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Corporate reputations – how they are built, sustained, enhanced and if necessary repaired – are all part of the remit of the latest research and teaching centre at Oxford University in the UK.

The Centre for Corporate Reputation at Saïd Business School will look at how a company’s reputation can impact on its performance and its ability to grow long term.

Through six main research strands the centre will examine topics such as reputation and operations, for example how supply chain issues can interact with reputation, and reputation and organisation, looking at factors such as the dynamics of reputation and the interaction between different groups of stakeholders.

The centre has a multi-disciplinary research agenda and will draw on the university’s wider resources.

To boost its research abilities still further, the centre will appoint approximately 40 international research fellows. These fellows will have a specific brief to focus on economics, law, psychology, politics and sociology. The research will in turn feed through into the centre’s teaching activities.

The teaching programmes will cover three areas: undergraduate, consisting of a distinguished speaker annual lecture; a graduate module, with reputation teaching electives for MBA and EMBA participants; and short programmes for senior executives which will cover areas such as preparing to be a chairman and preparing to be a chief executive officer.

The centre will have the benefit of the expertise of 70 international visiting fellows representing a range of sectors such as industry, journalism, the civil service and the professions.

The fellows, including Frederick Kempe, president and chief executive of the Atlantic Council of the United States, Sir Michael Rake, chairman of BT Group and Lionel Barber, editor of the Financial Times newspaper, will take part in the centre’s teaching programmes.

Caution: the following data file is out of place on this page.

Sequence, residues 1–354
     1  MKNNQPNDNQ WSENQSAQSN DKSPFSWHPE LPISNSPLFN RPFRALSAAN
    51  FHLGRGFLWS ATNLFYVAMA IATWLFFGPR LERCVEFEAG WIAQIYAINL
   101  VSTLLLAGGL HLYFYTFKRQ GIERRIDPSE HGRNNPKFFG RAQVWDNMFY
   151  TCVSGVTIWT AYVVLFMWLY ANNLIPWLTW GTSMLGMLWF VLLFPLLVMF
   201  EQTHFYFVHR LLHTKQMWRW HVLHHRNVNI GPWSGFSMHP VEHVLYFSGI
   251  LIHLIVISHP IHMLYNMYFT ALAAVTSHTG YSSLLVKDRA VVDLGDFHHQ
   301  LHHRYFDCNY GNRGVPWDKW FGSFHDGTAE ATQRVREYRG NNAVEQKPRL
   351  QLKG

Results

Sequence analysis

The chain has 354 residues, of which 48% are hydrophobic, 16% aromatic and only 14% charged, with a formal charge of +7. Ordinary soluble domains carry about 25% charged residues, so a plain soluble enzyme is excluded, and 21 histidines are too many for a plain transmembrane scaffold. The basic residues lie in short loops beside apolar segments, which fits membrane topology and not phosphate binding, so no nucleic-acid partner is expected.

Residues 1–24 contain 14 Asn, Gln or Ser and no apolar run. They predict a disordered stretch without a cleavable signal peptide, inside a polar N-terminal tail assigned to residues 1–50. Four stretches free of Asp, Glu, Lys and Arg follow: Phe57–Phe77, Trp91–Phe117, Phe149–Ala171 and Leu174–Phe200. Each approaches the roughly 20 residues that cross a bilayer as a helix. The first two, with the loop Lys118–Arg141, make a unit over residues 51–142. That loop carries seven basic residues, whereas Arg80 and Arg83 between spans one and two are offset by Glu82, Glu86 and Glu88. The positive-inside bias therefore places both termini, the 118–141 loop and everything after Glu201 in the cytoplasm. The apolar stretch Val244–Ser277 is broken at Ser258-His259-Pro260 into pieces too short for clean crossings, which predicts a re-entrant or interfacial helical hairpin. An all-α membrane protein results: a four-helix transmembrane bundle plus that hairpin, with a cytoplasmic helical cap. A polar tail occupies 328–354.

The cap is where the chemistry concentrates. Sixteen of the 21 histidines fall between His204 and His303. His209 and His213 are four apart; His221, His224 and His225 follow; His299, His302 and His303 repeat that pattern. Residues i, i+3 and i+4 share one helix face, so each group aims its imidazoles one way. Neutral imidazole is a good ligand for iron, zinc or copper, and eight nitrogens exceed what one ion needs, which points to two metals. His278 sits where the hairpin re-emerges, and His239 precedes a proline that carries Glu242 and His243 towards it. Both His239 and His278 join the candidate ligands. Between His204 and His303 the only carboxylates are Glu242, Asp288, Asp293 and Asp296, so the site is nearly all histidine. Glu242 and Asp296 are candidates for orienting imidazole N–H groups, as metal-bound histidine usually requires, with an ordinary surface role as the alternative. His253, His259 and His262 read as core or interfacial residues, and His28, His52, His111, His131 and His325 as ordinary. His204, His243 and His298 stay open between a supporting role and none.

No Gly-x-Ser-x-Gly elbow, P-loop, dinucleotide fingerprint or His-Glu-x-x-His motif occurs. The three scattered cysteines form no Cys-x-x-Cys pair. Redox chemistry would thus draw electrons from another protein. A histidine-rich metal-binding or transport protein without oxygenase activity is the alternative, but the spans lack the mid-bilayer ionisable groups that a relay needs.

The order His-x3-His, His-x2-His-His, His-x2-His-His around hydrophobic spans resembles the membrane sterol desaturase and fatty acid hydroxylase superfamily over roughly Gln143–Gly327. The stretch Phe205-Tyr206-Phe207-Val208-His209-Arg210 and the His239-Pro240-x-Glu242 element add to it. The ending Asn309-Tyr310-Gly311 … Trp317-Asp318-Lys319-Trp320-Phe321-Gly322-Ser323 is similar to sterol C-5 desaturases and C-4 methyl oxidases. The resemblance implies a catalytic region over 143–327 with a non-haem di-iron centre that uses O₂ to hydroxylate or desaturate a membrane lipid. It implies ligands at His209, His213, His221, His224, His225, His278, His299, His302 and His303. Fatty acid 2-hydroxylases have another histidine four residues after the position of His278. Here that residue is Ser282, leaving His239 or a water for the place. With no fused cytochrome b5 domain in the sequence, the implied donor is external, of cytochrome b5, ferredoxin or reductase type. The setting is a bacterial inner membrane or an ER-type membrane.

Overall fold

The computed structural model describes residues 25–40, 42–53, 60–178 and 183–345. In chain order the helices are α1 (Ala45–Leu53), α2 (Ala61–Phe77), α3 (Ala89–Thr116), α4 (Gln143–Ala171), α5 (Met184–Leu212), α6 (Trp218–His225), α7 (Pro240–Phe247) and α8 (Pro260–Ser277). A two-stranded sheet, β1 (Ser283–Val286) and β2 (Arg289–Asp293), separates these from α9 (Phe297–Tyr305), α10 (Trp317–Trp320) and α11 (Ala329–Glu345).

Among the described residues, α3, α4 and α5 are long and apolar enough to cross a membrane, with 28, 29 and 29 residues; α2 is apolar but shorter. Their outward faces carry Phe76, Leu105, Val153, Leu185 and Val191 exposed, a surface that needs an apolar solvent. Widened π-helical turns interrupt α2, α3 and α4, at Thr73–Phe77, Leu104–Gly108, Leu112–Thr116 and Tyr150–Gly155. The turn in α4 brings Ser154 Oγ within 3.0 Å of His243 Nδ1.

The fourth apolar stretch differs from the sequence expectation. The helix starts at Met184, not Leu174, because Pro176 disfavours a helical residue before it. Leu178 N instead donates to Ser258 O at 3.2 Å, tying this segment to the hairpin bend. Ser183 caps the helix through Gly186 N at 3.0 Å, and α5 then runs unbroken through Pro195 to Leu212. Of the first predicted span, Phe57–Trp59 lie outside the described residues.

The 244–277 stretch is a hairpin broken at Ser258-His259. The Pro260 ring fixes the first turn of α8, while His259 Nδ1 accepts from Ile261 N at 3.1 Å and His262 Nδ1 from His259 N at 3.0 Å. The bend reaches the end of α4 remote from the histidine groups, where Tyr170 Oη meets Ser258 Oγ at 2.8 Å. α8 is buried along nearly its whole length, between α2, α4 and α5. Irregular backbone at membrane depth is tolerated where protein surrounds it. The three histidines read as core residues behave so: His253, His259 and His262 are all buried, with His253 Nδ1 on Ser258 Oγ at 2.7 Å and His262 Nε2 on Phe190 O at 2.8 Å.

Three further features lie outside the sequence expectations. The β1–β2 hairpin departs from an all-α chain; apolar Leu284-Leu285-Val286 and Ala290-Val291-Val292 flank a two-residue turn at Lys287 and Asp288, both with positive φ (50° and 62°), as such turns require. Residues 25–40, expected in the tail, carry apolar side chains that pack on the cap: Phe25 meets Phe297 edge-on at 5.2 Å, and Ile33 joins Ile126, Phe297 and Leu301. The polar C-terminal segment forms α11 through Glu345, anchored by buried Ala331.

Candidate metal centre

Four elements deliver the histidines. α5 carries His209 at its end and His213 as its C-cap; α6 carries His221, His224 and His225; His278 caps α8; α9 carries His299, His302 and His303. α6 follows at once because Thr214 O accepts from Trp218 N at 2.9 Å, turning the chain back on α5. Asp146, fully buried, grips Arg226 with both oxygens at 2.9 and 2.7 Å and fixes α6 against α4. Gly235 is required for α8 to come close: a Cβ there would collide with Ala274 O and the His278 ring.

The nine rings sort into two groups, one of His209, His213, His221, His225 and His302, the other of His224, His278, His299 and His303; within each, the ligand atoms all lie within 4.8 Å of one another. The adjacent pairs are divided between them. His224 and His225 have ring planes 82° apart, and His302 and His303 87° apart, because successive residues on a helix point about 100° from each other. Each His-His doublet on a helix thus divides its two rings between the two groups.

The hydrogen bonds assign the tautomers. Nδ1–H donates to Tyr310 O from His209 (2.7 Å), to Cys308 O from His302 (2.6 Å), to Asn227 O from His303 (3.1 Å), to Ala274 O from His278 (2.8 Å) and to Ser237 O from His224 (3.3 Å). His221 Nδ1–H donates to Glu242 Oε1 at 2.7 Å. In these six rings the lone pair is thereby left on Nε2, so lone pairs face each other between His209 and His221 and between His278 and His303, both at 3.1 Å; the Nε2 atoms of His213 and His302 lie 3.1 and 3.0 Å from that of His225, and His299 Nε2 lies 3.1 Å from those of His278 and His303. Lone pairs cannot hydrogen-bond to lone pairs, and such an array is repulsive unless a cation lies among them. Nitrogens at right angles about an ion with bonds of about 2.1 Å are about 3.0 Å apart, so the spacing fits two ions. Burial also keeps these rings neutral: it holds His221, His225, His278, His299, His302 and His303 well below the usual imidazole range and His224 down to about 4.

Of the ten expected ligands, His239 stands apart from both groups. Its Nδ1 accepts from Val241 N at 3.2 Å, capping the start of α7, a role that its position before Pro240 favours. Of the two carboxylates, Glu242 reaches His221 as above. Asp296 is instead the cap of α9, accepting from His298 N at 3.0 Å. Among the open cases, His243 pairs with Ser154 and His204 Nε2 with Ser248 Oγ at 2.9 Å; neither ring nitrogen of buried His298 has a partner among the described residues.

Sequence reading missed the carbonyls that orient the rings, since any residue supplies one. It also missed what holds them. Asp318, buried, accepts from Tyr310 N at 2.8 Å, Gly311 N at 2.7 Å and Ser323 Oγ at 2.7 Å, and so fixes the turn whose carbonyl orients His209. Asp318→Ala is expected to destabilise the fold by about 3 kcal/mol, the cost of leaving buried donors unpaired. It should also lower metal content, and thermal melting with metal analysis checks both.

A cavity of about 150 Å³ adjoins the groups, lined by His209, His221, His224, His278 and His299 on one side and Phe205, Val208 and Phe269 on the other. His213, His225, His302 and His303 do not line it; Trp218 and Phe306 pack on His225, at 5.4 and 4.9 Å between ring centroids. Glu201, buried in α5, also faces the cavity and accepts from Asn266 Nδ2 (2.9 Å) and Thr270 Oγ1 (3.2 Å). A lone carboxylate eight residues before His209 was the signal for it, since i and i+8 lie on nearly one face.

A global advisory board, comprising some of the visiting fellows, will also give its opinion on the centre’s academic focus, research agenda and its relevance to business.

In the past two years there has been considerably more corporate focus on the importance of reputation, says Rupert Younger, director of the centre.

“In the past it was about product quality, now it is about brand provenance,” he says.

“Reputation is central to business,” adds Bob Wigley, chairman of Europe, Middle East and Africa at Merrill Lynch International and chairman of the global advisory board.

“How a corporation behaves, will determine its reputation.”

Today’s marketplace he adds is a very competitive one in terms of talent. A company’s employees, he says, are its most important stakeholders, its only real asset. How a board is perceived – its reputation – will impact on these stakeholders.

The way in which a company is perceived has a big impact on the recruitment and retention of staff, adds Roger Parry, a visiting fellow and chairman of Johnstone Press, a UK local newspaper publisher.

“This [reputation] is not about PR, this is about how I want my company to be perceived...There is certainly a need for companies to think about these issues in a systematic and structured way, it is a real and genuine issue.”

The centre, he says, has a real role to play because it allows students, business and practitioners of business to interact.

“I think it is going to be very interesting and a two-way street. I think we will all learn a lot from it.”

Copyright The Financial Times Limited 2017. All rights reserved.
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